Kurt Cobain: The Last Session book review by Harriet Kaplan
You don't have to be a Kurt Cobain and/or Nirvana fan to love photographer Jesse Frohman's book, "Kurt Cobain: The Last Session" (Thames & Hudson). Anyone who has a passion for music will enjoy the book and learn more about what's going on his psyche. The iconic artist will always be associated with the "club of 27" and was labeled "the voice of his generation" that changed rock forever. In this book, the primary focus is on a pivotal time in the band's burgeoning career in 1993.
The setting is New York City during a 24-hour time period where the band was scheduled to play Roseland Ballroom and to promote their new album, "In Utero." Jesse Frohman took photos prior to the show and during the band rehearsals to accompany an article in the London Observer written by Jon Savage. Now, this article has been reprinted in the book along with hundreds of photos of the band taken by Frohman. New commentary by Frohman and Savage is also provided. Frohman gives an insider look into what it took to get the photos of Kurt Cobain and Nirvana and his impressions of Cobain.
Cobain's drug use is acknowledged and it colored the mood of sessions to a certain extent, Frohman said. In the photos, Cobain is more an advertisement for thrift store chic than grunge wearing Jackie O inspired sunglasses, a vintage Air Force cap and a leopard jacket. Refusing to take his sunglasses off during the initial shoot, Frohman
said he felt that Cobain was at once hiding from the glare of the media, and at the same time, courting it, therefore in essence: controlling it. Glenn O'Brien, in his detailed and illuminating essay, also touched on that internal conflict Cobain was having acting as conduit for his millions of fans but that he eventually burn out himself as a result of that. O'Brien also talked about what he thought Nirvana meant musically ("Grunge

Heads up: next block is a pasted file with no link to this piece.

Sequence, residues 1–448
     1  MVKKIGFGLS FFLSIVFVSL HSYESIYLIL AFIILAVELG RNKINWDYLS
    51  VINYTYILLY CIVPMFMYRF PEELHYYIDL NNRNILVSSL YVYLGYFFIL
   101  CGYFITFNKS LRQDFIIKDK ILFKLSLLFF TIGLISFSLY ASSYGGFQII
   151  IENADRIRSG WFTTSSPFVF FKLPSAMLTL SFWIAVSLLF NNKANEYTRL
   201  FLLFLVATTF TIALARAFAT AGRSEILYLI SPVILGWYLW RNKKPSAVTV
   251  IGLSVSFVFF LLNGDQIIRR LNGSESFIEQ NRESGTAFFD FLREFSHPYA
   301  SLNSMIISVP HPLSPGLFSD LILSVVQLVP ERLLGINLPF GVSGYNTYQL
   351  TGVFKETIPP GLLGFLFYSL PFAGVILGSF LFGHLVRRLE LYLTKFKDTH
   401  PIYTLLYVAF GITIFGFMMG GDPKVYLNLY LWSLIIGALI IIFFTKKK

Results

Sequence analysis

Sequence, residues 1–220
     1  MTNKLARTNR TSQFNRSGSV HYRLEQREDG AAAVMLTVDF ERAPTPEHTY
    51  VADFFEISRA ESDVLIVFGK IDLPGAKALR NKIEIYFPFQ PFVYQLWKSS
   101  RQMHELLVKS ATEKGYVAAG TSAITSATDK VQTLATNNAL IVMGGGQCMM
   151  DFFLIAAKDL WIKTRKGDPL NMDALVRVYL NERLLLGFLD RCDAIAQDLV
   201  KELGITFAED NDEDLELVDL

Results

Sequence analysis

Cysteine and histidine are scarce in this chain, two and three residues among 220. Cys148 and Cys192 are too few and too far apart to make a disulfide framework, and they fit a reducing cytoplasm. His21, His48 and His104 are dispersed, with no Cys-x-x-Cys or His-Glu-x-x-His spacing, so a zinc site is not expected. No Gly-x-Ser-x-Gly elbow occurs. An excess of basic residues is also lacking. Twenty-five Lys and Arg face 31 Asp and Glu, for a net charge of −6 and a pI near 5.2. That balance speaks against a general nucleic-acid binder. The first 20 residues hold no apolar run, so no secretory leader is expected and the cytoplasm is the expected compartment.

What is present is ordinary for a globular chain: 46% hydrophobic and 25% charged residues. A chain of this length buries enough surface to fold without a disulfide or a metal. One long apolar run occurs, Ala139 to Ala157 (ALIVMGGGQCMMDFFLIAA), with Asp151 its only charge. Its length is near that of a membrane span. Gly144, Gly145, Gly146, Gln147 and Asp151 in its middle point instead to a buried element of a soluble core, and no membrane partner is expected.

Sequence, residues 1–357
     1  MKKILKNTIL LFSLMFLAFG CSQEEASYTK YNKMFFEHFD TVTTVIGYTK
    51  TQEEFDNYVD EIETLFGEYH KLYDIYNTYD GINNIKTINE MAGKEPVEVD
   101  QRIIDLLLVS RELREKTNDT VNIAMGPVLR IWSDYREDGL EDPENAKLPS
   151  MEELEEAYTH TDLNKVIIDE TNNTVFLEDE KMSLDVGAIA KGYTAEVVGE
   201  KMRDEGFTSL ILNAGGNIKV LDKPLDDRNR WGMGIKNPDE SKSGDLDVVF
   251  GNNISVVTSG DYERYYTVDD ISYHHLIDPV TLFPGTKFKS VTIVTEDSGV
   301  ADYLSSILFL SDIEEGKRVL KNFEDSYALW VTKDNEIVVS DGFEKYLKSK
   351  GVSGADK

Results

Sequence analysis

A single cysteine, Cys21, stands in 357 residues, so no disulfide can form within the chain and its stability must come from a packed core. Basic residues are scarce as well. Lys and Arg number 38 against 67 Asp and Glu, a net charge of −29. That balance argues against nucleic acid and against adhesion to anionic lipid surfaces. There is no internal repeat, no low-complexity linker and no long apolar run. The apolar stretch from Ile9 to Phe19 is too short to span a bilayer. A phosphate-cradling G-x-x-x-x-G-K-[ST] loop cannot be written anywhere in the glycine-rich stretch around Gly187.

was the fuzztone and feedback and vocals pushing the envelope of incoherence, moving from quiet clarity to raw-voiced berserker rage") as well as being a cultural force ("It was about resistance to bad systems, big-time resistance in the Mega-Ohm range") and what O'Brien called the Kurt Cobain aesthetic ("comfy, androgynous, don't-give-a-fuck-for-propriety rebellion...").
At the heart of it, O'Brien said Nirvana was rebelling against the way a man was supposed to be a man and how that affected gender roles. In the new commentary featured in the book, Jon Savage spoke about getting Cobain to open up and used his upbringing in Aberdeen, Washington as a starting point in the conversation to provoke hopefully meaningful responses. Using this tactic/method resulted in a insightful, wide-ranging interview touched on many of the factors that shaped Cobain as a person, artist and musician. Savage's interview transports the reader back to 1993, where at the time, Cobain was burdened by exceedingly high expectations brought on by enormous fame, yet somehow he managed to retain his own vision and identity and come across as very real and human.
Jesse Frohman is a New York-based photographer who has photographed a wide array of celebrities, including James Brown, Woody Allen, Diane Von Furstenberg, Philip Johnson, John Updike, The Strokes, and Josh Brolin, among others. His work has been featured in magazines as diverse as Vanity Fair, Vogue, Harper's Bazaar, V Magazine, The New York Times Magazine, Interview, Rolling Stone, and Spin.
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